The exchange meetings are part of the general theme of Dak’art 2022

Felwine Sarr, auteur et professeur d’économie, Dakar, 2017

“Ĩ NDAFFA#/FORGER/OUT OF THE FIRE » – Ĩ NDAFFA is inspired by I NDAFFAH, which – in Serer language – invites to the forge. The term captures both freedom to transform and the multiple possibilities of creating. The alchemy of the forge and the transformative action that leads to a new stage is thus suggested. Also, the 2022 edition of the Dakar Biennale urges us to transmute concepts and found new meanings. Forging refers to the act of transforming a piece of matter, metal most often, and in several languages, it once meant what has fallen into oblivion today: create, imagine and invent. It is therefore about building new plastic writings, new knowledge and know-how, which integrate African readings, in order to forge looks and tools that can help us meet contemporary challenges and thus lead to the constantly renewed construction of a significance enabling us to better understand the world’s complexity. To this end, the following issues will be explored during the 2022 Dakar Biennale’s Exchange Meetings:

  1. Grammars of Creation, Knowledge Deposits and Discontinuities in African Contemporary Art

Forging new approaches to the 21st century history of art means reconsidering the contexts where its underlying knowledge emerged. African cultural histories have not sufficiently informed the appreciation of contemporary art aesthetic objects. Drawing on the sources of – and integrating the representations of the world by – African aesthetic knowledge would pave the way for new methodologies and enrich the doctrinal body of art history. It is also about rethinking and therefore reorganizing the traditional temporalities related to art history by integrating composite non-linear times of African historiography therein. In short, it is about analyzing the contribution of African contemporary art in the history of art.

  1. Building an African Archive

Why build an African archive? How to build it, with a view to what? Generally, the role the archive is to preserve more keeping track of the past and memory of societies. The archive issue will be considered here with a view to building an archive for the future. More than keeping track of and preserving the past from the outrages of time, it is also about considering the archive as an artifact the germination power of which affects present and contributes in building future times. Besides, it will be about questioning – through its artistic productions – the relationship of African societies to memory and oblivion, and the way in which the archive is made alive by an oblivion-conscious art. By consenting to the obsolescence of part of the cultural matrix, the said art makes room for creativity and inventiveness.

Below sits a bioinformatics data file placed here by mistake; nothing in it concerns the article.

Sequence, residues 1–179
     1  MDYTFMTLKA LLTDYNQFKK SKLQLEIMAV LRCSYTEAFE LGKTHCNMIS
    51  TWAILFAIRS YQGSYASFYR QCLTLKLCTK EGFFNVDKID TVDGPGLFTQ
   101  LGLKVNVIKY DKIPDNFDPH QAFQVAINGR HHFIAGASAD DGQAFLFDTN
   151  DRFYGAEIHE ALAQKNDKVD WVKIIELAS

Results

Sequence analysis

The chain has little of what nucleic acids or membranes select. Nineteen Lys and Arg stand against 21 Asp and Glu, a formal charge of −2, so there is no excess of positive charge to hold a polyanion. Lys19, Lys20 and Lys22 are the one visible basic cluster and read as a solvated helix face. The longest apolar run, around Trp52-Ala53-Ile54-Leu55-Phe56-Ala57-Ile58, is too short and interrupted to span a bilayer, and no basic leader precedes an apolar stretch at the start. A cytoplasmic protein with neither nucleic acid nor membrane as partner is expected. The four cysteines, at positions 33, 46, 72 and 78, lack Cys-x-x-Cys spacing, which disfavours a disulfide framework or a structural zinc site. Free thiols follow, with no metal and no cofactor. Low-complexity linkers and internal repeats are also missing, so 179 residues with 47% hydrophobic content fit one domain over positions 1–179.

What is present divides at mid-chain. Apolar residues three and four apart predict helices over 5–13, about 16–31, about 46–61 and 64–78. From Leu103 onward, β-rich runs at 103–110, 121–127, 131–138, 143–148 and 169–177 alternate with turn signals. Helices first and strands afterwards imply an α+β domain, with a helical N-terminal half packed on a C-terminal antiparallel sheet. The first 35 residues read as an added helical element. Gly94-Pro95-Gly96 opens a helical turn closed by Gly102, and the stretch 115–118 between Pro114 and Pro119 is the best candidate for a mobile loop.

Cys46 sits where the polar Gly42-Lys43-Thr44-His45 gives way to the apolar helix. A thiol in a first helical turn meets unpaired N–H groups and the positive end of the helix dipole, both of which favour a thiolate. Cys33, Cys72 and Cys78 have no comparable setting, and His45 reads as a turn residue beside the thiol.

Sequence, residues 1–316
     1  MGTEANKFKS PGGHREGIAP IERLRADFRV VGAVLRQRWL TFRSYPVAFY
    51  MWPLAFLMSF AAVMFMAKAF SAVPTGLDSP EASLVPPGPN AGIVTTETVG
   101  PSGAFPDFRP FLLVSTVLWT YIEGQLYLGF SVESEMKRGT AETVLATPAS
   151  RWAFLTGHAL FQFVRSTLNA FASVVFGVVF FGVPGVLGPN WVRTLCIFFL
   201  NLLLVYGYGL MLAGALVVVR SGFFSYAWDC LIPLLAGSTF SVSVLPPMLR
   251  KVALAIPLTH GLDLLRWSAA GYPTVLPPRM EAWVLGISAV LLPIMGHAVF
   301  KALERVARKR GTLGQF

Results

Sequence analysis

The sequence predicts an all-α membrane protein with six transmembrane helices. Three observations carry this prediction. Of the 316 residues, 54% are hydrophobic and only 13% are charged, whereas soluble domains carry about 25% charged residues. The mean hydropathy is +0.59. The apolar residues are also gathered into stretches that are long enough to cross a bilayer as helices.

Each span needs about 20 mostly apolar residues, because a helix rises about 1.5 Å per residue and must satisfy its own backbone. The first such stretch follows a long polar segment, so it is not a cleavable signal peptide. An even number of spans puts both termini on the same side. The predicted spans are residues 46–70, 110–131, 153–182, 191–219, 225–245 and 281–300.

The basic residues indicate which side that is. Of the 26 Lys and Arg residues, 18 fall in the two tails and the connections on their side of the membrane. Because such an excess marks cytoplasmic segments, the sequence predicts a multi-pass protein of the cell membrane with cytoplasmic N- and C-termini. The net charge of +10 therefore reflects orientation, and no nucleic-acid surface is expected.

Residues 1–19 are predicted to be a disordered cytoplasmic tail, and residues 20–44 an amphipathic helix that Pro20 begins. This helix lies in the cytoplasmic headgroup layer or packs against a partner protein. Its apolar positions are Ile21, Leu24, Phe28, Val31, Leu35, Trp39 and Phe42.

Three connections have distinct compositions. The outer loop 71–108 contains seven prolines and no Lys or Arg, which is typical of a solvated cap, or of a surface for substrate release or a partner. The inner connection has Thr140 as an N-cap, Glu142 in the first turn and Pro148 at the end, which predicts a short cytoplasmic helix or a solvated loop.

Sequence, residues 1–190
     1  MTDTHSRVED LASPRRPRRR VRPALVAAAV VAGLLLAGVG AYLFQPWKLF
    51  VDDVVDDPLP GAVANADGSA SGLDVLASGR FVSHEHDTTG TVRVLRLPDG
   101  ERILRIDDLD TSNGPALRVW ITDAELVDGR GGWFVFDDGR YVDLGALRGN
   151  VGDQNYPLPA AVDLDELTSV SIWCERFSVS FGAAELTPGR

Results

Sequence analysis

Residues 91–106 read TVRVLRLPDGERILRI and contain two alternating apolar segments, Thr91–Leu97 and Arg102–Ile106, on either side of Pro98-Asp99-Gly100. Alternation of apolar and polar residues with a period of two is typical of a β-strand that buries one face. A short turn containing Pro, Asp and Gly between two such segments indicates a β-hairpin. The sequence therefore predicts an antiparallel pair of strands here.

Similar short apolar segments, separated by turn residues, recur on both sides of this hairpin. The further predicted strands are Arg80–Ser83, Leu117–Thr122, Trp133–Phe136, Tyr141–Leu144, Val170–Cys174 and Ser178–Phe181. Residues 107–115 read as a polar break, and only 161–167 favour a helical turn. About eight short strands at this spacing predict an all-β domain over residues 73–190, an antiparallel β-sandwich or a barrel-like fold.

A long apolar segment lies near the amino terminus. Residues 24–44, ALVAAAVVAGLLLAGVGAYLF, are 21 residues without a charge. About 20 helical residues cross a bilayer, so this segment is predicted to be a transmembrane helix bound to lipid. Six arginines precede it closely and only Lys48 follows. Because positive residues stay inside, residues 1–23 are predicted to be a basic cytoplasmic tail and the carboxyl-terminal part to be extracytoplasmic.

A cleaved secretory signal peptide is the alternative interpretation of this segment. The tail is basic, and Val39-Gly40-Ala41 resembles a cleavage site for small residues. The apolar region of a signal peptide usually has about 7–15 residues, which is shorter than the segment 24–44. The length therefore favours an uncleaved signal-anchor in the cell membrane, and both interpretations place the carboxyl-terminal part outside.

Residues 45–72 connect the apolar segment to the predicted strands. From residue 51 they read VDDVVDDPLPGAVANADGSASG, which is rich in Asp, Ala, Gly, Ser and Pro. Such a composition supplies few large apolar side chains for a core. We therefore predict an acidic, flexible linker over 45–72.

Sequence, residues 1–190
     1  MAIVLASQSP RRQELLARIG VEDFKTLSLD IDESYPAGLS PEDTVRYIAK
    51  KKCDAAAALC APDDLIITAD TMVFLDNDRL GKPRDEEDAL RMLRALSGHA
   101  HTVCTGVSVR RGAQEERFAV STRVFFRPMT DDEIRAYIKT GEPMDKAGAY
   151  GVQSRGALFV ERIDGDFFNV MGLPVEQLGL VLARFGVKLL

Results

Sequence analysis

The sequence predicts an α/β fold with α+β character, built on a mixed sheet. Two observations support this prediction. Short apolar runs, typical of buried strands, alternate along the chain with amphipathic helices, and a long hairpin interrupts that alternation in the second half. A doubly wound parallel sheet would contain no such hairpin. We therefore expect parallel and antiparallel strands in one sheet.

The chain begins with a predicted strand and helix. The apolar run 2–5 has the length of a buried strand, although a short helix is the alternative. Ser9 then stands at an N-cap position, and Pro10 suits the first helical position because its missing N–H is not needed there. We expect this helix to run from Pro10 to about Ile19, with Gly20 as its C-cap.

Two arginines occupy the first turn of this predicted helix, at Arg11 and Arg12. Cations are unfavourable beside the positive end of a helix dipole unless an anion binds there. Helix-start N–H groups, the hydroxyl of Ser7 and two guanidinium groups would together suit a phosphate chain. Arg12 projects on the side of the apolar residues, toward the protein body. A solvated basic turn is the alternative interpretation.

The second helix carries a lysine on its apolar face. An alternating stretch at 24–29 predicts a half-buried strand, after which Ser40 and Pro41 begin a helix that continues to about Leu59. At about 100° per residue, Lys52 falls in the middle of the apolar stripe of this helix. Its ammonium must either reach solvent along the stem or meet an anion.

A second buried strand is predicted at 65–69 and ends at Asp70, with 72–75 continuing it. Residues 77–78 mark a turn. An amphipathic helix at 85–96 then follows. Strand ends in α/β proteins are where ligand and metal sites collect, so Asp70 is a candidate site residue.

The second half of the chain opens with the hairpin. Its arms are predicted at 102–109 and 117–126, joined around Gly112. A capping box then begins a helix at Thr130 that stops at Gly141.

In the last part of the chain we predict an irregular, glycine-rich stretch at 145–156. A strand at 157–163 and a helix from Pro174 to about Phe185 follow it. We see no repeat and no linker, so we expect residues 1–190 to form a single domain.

1. Heritage and Human Rights

The African heritage restoration debate has concurred with several events that have marked news reports in recent years, including one on the place of statues and monuments in public space that has arisen in South Africa (Rhodes must fall), the United States, and Europe, where colonialism figures are still strongly represented in public space. The shadows of racism and police violence in the United States (George Floyd death & Black Lives Matter Movement) have once again spread, which is linked to the necessary deconstruction of the discourse matrix and racism imaginary. All this interrogates the status and role, constitution and selection of heritage in light of history. Heritage, social justice and human rights are being increasingly close. Beyond demanding freedom to dispose of objects created by one’s culture and ancestors, the debate on restoring African cultural property asserts the right to decide on signs and symbols represented in memorials places, as well as on the meanings and significance intended to be promoted, for example by avoiding those that express racism-glorifying speeches. To what extent are these debates a sign of an evolution of the heritage notion, with its meaning being increasingly linked to social issues and human rights, as well as to the desire to change worlds by working on symbols, speeches and representations as well as their psychological effects, and the plurality of historical events meanings?